investment in the replacement and expansion of networks. As the UK relies
more on imports and renewable energy, the level of investment in storage,
pipelines and electricity networks has to increase. The regulated costs of
greater investment are passed on to customers through charges for network
use. This will continue for the rest of this decade. Indeed, some believe
that the UK needs more investment than is currently planned to expand gas
storage and provide greater security of supply in future.

The third factor driving up energy prices for households and some
businesses is the increasing cost of programmes to reduce emissions of CO2
and to promote the use of renewable energy. These goals overlap but they
are not identical. The expansion of renewable energy is an expensive method
of reducing CO2 emissions and would not be the first choice if this were
the sole objective of policy. Both goals are supported by a plethora of
incentives whose details are often obscure and whose net impacts are hard
to assess. In addition, some costs of relying upon renewable energy, such
as backup to offset intermittent production and extensions to the
transmission system, are incorporated in charges borne by all network users.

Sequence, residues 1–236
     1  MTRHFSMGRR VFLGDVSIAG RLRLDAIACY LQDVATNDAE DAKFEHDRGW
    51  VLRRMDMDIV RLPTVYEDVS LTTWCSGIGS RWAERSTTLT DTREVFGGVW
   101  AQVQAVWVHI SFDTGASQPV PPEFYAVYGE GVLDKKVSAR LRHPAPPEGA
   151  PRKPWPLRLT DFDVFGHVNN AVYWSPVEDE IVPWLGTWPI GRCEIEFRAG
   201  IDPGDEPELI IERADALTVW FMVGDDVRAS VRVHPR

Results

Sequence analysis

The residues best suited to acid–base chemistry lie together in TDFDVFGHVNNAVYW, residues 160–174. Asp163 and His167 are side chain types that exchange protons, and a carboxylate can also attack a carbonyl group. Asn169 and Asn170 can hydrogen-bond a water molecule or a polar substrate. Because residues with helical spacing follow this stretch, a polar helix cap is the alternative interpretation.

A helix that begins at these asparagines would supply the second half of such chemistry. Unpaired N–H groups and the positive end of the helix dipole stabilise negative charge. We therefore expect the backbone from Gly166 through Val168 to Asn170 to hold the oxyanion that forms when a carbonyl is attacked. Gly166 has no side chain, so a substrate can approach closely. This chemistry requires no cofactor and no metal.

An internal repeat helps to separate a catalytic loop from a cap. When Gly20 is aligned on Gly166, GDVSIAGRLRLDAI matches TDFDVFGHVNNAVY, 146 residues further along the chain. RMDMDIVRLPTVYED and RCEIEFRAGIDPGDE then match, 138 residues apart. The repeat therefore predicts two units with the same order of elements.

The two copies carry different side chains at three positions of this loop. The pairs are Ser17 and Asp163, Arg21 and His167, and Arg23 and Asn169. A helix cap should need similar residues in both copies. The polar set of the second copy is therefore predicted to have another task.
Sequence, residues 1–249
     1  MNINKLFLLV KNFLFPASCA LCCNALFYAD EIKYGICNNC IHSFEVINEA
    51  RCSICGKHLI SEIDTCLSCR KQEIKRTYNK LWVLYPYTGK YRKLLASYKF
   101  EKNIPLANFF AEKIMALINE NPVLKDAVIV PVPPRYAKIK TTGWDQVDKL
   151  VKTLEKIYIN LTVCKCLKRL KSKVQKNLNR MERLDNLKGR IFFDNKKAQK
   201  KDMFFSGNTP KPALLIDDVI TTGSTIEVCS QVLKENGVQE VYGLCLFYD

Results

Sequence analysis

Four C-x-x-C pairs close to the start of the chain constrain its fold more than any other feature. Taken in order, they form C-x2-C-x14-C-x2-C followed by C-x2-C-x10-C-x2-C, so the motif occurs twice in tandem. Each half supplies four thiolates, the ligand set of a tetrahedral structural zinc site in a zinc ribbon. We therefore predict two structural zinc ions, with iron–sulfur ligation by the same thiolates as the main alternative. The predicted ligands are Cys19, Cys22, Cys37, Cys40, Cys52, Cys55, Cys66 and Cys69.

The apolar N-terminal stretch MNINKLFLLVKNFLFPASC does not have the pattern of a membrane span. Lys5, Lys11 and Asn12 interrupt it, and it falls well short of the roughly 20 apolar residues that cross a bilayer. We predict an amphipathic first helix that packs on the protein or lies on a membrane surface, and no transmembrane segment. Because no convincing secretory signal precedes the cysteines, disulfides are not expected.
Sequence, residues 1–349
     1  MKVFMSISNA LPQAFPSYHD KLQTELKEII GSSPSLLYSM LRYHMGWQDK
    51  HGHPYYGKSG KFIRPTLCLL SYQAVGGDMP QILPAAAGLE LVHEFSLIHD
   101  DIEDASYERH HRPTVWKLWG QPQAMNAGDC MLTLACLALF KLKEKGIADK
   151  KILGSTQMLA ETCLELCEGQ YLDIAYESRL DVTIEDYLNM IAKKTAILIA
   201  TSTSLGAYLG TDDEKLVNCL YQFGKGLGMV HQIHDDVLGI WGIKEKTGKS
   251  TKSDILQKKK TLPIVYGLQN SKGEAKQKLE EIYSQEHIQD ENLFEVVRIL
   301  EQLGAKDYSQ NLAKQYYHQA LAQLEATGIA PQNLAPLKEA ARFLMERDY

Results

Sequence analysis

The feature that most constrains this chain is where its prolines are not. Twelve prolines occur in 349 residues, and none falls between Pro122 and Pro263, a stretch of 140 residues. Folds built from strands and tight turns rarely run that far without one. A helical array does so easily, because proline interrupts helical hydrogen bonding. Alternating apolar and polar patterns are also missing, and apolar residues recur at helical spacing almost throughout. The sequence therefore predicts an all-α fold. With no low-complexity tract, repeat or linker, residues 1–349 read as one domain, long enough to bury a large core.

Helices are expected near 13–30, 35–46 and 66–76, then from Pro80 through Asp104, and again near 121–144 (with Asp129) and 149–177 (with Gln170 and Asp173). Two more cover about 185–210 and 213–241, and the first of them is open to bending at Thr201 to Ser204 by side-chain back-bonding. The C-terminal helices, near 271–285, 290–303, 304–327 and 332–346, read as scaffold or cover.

Stripping away the complexity, the net effect of subsidies for renewables
and taxes on CO2 emissions is to offer an average price for electricity
generated from the main sources of renewable energy – wind and wood chips –
that is at least double the equivalent pool price of electricity which is
determined by the cost of running gas-fired generating plants. The
incentive is somewhat lower for new plants but the margin is sufficient to
sustain long term costs of wind and wood generation that are 60-80% higher
than for the most efficient gas plants. The cost differentials are much
greater for offshore wind (at least 150%) and solar photovoltaic panels.

To meet 2020 targets for renewable energy, the share of renewables in total
electricity production will increase to three times its level in 2012-13
and the share of renewables in electricity, heat and transport will